But the cost-benefit ratio was apparently worth the sacrifice of
others' lives because, again, the United States was the party that ended
up appearing aggressive.
The strikes also have played well for Hussein because he is the
ultimate publicity seeker, experts say. And the more U.S. punishment he
takes, the better. What the Iraqi leader hates is losing the limelight
and falling off the front pages, since the most powerful weapon in his
arsenal is to maintain public focus on Iraq's situation.
"He wants to be the No. 1 item on the U.S. foreign policy agenda
because his importance increases with the amount of time and energy the
U.S. spends dealing with him," said Henri Barkey, an Iraq expert formerly
with the State Department who is now at Lehigh University in
Pennsylvania. "The higher his profile, the greater his standing in many
parts of the world. After all, the first international visit by a new
U.S. president was completely overshadowed by Saddam Hussein."
So whatever the Iraqi leader lost at his command-and-control centers
Friday may have been worth the price. Iraqis rallied in Baghdad,
attention again diverted from their own situation. And, from South Korea
to South Africa, American allies blasted Washington for its aggression,
not Baghdad for escalating its attacks on allied warplanes.
In South Korea, which considers the United States its closest ally,
the national news agency said the strikes "confirmed the U.S. policy of
emphasizing military supremacy" and warned that this general "policy of
strangling Iraq" has failed to achieve its goals while hurting innocent
In the end, however, the new Bush administration may have had little
choice in light of America's own long-term goal of preventing the Iraqi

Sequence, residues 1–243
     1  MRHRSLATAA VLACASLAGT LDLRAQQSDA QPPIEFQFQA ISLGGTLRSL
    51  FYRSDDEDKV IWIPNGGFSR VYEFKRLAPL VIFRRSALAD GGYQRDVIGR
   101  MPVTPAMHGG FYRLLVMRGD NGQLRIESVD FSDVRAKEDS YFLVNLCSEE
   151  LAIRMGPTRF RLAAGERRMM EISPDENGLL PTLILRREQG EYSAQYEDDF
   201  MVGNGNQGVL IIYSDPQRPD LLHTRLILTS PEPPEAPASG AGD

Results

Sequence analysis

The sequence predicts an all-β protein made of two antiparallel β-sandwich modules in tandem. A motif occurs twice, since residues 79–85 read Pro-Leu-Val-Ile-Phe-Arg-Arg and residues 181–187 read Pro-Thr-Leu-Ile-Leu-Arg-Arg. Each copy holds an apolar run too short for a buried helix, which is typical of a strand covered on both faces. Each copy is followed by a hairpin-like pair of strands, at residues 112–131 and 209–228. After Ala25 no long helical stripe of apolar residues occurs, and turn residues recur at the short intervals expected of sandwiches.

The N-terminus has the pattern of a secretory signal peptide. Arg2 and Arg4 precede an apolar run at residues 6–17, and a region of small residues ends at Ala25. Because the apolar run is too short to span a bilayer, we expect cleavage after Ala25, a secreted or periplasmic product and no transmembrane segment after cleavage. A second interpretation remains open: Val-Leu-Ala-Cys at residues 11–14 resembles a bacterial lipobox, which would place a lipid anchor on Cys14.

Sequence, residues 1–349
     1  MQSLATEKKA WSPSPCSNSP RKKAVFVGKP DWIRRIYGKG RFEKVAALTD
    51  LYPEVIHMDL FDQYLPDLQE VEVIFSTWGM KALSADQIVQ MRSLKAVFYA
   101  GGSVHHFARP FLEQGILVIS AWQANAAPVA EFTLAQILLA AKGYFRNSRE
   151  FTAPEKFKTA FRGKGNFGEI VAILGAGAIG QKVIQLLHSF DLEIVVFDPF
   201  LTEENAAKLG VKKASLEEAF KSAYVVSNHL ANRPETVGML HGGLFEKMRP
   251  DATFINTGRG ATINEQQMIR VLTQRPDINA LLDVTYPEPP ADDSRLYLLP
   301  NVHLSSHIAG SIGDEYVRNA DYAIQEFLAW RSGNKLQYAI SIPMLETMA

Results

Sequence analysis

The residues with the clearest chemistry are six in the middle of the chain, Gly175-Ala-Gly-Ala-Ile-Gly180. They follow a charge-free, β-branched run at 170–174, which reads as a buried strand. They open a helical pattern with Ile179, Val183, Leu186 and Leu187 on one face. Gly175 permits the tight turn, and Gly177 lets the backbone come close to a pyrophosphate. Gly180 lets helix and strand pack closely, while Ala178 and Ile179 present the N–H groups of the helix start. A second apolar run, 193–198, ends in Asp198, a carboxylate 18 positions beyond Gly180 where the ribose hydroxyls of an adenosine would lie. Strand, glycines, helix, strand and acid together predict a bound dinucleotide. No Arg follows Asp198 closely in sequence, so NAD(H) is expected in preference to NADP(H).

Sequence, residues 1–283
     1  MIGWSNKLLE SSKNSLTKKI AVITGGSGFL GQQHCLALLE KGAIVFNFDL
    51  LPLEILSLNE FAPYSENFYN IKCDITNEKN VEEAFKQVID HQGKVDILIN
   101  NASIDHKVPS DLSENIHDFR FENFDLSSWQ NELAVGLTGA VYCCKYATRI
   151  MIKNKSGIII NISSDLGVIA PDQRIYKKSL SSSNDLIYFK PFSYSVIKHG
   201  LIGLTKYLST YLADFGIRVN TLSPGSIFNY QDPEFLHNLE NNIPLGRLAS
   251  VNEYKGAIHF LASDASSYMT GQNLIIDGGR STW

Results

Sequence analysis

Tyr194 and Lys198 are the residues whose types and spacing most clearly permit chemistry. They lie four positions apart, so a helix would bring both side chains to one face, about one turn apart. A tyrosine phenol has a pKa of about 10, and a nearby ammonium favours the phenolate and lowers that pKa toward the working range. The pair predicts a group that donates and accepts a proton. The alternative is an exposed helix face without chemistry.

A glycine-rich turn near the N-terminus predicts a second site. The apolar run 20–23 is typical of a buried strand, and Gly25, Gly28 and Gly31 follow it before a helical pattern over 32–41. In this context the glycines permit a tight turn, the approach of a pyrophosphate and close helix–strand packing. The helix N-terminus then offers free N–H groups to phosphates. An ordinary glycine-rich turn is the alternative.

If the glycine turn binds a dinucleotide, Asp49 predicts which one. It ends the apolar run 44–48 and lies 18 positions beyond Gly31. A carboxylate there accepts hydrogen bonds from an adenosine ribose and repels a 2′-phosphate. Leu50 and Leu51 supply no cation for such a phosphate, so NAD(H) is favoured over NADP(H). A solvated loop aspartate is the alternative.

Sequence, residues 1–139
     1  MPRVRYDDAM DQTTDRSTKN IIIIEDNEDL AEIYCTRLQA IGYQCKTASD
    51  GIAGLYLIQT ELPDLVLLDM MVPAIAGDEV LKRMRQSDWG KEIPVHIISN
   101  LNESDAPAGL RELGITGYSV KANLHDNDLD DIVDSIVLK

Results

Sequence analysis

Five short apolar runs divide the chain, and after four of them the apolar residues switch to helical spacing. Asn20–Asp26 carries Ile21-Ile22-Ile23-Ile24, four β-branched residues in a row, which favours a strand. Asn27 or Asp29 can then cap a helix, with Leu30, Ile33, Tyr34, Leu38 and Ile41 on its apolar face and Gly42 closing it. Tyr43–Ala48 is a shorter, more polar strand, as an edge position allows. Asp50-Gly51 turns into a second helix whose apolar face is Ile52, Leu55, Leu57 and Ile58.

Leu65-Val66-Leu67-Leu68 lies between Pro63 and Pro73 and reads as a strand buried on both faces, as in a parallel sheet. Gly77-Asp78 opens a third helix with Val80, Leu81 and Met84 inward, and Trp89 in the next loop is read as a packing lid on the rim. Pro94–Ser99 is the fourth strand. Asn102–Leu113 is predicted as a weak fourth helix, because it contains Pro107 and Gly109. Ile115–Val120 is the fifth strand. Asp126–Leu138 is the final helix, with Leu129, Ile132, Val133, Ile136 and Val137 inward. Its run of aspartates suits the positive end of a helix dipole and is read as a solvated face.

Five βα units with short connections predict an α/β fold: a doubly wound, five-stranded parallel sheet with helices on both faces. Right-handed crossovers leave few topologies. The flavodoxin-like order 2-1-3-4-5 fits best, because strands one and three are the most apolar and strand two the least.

regime from threatening its neighbors. All but one country in the
38-nation coalition that participated in Desert Storm are now willing to
deal with Baghdad diplomatically or economically. Only the United States
and to a lesser degree Britain are left to enforce both the cease-fire
agreement and a series of U.N. resolutions designed to prevent future
Who's winning? It depends on one's perspective, experts say.
Iraq is contained and unable to buy many arms. Its military machine
has dropped from 1 million troops to about 350,000, according to
Secretary of State Colin L. Powell. Baghdad is technically able to fly
only between the 33rd and 36th parallels, and not over large areas of the
south and north that make up about half the country. A U.N. committee
must approve Iraq's expenditures from all legal oil revenues, in effect
controlling its purse strings.
But Iraq also has expelled U.N. weapons inspectors and begun to
rebuild its nuclear facilities, according to U.S. intelligence officials
and former weapons inspectors. It would take many years to find and
dismantle the regime's weapons of mass destruction programs, these
"For a decade, Hussein has been unable to rebuild his military, so for
now he can no longer threaten the region militarily," Barkey said.
At the same time, Iraq's military is still the mightiest in the
Persian Gulf region. Its oil smuggling operations through Syria, Iran,
Turkey and Jordan generate more than $1 billion a year in illegal funds
for the regime.
Even sanctions have helped strengthen Hussein's position.
"The rationing system gives him an enormous amount of power. It
enabled him to heighten his chokehold on the Iraqi people, who are now
more dependent on his largess," Barkey said. "So sanctions helped him
stay in power because they enable him to control the Iraqi population in
ways he couldn't do before the Gulf War."
Copyright 2001 Los Angeles Times